Wrong Focus on Student Loan Program
The federal government likely offers student loans at subsidized, below market fixed rates. Unlike private lenders, it does not take into account such factors as a student’s credit history, their ability to pay back the loan, whether a student has a co-signer, etc. In 2007, Congress cut this fixed interest rate on new loans temporarily from 6.8% to 3.4%. This artificially low rate was extended for one year in 2012, and if Congress does not act, the rate will rebound automatically to the original 6.8%.
The Smarter Solutions for Students Act (H.R. 1911) would replace the 6.8% rate with one pegged to high-yield 10-year Treasury notes plus 2.5%. In 2013 and 2014, that is expected to be only 4.4% and 5.0% respectively (increasing the cost to taxpayers in the first few years). If interest rates rise as projected, the loan rate will increase up to a cap of 8.5%. However, if rates stay low, students would receive the subsidy at the expense of taxpayers.
Proponents claim that this rate would be “market-based,” but this is misleading. While the fixed rate would shift to a variable rate based on a common market indicator, the bill does not reform the student loan program to either gradually remove the federal government from the student loan business or require students to pay interest in line with what they would without a subsidized loan program. In fact, an analysis at the New America Foundation estimates the actual market rate for student loans would be somewhere between 12 and 18 percent.
The Congressional Budget Office projects that the bill will save $3.7 billion over ten years, but this estimate is based on accrual-based accounting – not a real-world “fair-value” accounting that would take into account the fact that students may not pay back their loans, particularly because of the federal government’s lax lending standards, leaving taxpayers holding the bag. Even CBO admits that their method does not present an accurate picture of the cost of the student loan program.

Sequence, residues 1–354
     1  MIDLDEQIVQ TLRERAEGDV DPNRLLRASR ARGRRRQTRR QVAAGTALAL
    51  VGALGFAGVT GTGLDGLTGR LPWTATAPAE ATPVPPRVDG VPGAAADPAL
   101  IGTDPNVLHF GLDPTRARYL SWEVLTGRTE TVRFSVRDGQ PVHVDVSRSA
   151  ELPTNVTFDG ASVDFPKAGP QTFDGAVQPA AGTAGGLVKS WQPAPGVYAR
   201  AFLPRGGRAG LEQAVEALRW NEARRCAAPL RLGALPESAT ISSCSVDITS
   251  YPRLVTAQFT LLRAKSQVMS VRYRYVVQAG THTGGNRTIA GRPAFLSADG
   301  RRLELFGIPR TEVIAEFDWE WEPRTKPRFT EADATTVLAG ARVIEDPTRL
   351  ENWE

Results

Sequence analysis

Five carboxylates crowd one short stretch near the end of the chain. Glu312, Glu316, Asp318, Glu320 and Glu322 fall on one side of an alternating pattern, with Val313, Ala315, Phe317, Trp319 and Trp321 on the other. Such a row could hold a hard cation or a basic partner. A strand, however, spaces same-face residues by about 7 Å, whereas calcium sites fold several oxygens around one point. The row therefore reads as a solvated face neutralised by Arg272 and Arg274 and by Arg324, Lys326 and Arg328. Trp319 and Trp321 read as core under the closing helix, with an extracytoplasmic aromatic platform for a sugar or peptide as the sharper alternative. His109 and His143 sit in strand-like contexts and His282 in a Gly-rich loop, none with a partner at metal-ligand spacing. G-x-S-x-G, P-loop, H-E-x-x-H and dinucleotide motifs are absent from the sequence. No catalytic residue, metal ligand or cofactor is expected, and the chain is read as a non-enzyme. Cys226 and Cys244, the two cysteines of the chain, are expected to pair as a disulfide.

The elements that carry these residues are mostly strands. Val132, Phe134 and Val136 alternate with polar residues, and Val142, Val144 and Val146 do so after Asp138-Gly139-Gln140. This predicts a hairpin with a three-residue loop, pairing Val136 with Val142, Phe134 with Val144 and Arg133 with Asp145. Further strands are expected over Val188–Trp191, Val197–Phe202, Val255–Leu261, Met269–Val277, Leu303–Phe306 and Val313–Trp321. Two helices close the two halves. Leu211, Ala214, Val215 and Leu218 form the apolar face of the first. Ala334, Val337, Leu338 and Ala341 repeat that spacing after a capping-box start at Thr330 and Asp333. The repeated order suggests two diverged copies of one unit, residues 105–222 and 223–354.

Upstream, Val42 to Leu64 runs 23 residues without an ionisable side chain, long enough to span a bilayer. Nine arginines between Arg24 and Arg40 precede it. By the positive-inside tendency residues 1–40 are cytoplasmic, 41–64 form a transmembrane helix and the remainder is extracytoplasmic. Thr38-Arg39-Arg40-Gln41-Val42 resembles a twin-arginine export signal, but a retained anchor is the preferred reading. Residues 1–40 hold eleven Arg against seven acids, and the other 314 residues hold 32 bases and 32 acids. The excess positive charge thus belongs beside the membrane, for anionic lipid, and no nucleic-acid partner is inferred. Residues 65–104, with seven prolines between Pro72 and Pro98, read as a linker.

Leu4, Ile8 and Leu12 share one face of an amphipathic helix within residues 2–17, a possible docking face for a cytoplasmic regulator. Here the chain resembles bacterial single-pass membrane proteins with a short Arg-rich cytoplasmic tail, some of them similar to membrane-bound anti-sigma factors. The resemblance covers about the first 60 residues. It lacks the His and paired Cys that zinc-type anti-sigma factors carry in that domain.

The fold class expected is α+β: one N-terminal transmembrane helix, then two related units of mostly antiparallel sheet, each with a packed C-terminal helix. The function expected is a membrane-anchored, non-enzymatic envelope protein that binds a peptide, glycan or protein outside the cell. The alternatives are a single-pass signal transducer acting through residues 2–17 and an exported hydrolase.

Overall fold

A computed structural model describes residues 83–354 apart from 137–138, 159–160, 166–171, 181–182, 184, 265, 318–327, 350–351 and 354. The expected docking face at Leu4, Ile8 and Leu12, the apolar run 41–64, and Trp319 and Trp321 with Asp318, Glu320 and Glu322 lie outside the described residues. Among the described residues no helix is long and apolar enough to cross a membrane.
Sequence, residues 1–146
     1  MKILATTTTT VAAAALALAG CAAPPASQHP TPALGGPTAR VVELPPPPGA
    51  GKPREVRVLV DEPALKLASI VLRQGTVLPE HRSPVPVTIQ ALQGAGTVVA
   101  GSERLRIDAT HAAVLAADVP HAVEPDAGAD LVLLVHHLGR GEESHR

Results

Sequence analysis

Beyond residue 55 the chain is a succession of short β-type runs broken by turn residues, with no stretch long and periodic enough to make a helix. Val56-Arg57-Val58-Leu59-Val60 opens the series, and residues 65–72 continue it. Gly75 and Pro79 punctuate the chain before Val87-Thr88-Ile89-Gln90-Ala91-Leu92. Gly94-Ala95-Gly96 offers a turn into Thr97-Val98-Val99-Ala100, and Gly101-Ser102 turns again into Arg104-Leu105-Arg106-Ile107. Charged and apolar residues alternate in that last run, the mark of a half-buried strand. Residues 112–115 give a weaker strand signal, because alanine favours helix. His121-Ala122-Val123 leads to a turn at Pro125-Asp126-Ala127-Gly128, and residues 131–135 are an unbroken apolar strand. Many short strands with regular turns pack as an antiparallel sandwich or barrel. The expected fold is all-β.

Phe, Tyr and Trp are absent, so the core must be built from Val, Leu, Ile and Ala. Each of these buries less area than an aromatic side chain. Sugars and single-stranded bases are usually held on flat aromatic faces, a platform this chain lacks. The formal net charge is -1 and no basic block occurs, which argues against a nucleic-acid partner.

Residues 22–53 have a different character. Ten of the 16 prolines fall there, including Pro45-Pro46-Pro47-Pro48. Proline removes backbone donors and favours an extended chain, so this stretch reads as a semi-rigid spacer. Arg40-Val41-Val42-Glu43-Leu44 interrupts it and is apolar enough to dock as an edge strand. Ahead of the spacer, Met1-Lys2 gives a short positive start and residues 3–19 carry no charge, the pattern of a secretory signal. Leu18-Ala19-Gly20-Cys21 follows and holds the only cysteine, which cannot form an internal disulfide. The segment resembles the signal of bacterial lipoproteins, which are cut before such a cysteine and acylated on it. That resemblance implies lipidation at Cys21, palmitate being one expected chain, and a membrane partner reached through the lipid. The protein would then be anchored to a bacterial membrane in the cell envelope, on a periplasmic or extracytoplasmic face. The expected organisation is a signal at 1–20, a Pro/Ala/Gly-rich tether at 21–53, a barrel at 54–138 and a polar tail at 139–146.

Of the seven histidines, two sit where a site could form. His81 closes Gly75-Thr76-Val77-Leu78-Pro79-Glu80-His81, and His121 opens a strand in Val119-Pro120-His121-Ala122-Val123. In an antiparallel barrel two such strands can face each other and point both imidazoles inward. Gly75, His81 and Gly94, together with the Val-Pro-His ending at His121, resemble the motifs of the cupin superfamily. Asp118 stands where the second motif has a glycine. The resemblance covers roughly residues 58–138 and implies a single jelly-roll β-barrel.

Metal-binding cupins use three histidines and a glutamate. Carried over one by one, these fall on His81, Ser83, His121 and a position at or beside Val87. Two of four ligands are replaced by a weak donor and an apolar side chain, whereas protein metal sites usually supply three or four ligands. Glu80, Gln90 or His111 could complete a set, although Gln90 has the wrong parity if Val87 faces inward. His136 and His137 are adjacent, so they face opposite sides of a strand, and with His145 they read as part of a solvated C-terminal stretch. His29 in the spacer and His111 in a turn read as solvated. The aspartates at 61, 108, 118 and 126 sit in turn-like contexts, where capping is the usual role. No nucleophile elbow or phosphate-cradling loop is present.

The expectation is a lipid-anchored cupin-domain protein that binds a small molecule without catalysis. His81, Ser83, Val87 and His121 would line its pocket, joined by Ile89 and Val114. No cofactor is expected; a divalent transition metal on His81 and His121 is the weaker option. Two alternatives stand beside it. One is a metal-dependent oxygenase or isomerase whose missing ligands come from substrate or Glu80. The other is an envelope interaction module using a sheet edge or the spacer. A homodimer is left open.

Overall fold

Many proponents of this bill argue that the bill is an attempt to inject some market forces into the program, knowing that Congress will politically never let the student loan rate rebound to 6.8%. These sorts of conventional political assumptions that rarely take into account the opportunity of legislators to lead and move the public debate in favor of limited government are why the country is running a nearly $17 trillion debt. Put aside that mere inaction is all that is required to increase the rate back to 6.8%, what makes these same proponents think that the same invincible political pressure that requires action now will not be present the minute interest rates start to rise? Of course, the same political pressure will be there in the years ahead to overturn the increase because Congress is refusing to do the hard work to reform the student loan program and reduce students’ dependency on the federal government.
Conservatives should oppose this bill and instead focus on insisting that CBO score the student loan program using “fair-value” accounting and then find ways to get government out of the student loan program all together.